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Title: Exploring the UK innocence movement : tension, reconfiguration and theorisation
Author: Greenwood, Holly
ISNI:       0000 0004 6059 3055
Awarding Body: Cardiff University
Current Institution: Cardiff University
Date of Award: 2017
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This is the first in-depth empirical research into the UK “innocence movement,” which refers to the establishment of innocence projects (IPs) across the UK. IPs are university clinics in which students investigate cases of alleged miscarriages of justice. The Innocence Network UK (INUK) was founded in 2004 and assisted in the development of thirty-six IPs across the UK. This thesis utilised empirical methods undertaking semi-structured interviews with past and present leaders of IPs and other criminal appeal units. It provides three original insights into the UK innocence movement. First, it explored the distinctive model of IPs offered in the core literature and identified several underlying tensions within it. However, the research found the majority of sampled IPs did not conform to this model. Thus for heuristic purposes, and to examine the contrasting aims and objectives of criminal appeal clinics, the thesis sets out two ideal types and uses the evidence from interviews to place the sampled projects along a continuum between these. This section illustrated that the tensions within the literature model of IPs resulted in the sampled projects either evolving away from this approach, or not adopting it in the first place. Secondly, the thesis asks whether the innocence movement can be seen to follow a “rise and fall” trajectory, as the initial expansion of INUK was followed by its closure and the demise of several IPs. Instead, it is argued that the movement is better understood as having undergone a reconfiguration, and that the future landscape for miscarriage of justice work looks likely to be very different from that portrayed in the literature. Finally, the thesis adapts Luhmann’s Social Systems theory as a theoretical framework for examining the evolution of the UK innocence movement. The analysis concludes that this can provide theoretical insights into why the original aims and objectives of IPs were not realised. Insight is also drawn from Nobles and Schiff and their account of systems theory, which is used to further explore the tensions within the IP concept. The thesis conclusion reflects on the findings and offers suggestions for future research opportunities in these areas of legal education and analysis.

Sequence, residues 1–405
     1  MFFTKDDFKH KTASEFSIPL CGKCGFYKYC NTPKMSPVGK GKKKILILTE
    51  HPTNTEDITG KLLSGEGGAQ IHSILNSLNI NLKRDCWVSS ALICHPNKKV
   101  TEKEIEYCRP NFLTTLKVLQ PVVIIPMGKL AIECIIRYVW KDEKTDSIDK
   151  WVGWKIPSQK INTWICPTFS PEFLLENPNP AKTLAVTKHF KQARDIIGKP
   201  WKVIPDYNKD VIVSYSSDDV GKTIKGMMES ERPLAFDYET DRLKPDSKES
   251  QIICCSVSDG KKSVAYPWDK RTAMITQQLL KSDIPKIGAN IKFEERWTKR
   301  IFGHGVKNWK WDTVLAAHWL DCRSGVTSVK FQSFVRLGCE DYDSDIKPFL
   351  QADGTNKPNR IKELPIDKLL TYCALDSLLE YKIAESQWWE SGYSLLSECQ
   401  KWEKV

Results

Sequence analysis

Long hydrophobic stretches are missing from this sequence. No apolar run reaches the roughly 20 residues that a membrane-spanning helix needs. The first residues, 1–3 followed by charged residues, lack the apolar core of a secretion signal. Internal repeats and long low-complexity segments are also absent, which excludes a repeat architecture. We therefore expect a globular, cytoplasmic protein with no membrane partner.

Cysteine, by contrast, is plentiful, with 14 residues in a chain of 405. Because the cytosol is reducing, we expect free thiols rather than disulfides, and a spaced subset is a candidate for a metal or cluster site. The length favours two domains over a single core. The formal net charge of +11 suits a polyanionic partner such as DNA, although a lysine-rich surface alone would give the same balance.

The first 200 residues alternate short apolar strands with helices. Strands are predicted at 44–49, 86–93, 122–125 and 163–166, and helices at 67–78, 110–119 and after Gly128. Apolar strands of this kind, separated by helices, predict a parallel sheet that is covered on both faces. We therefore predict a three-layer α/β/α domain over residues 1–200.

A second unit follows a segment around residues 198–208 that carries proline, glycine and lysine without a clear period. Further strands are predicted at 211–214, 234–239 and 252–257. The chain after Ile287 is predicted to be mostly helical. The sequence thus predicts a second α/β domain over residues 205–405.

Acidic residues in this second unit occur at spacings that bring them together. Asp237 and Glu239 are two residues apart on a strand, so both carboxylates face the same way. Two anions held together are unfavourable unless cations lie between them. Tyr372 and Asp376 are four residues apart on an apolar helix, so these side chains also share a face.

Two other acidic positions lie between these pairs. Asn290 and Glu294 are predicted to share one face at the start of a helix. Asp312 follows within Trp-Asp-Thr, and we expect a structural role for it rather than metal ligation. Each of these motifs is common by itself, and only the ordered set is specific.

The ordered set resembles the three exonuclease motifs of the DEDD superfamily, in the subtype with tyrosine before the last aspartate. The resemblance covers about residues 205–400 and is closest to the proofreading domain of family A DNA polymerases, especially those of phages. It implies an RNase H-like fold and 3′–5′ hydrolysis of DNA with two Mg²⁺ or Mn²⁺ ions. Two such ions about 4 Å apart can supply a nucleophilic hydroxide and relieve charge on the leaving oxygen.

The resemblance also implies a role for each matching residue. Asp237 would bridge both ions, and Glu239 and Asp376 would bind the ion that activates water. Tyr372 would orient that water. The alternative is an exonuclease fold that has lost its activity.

Supervisor: Not available Sponsor: Not available
Qualification Name: Thesis (Ph.D.) Qualification Level: Doctoral
EThOS ID:  DOI: Not available
Keywords: K Law (General) ; KD England and Wales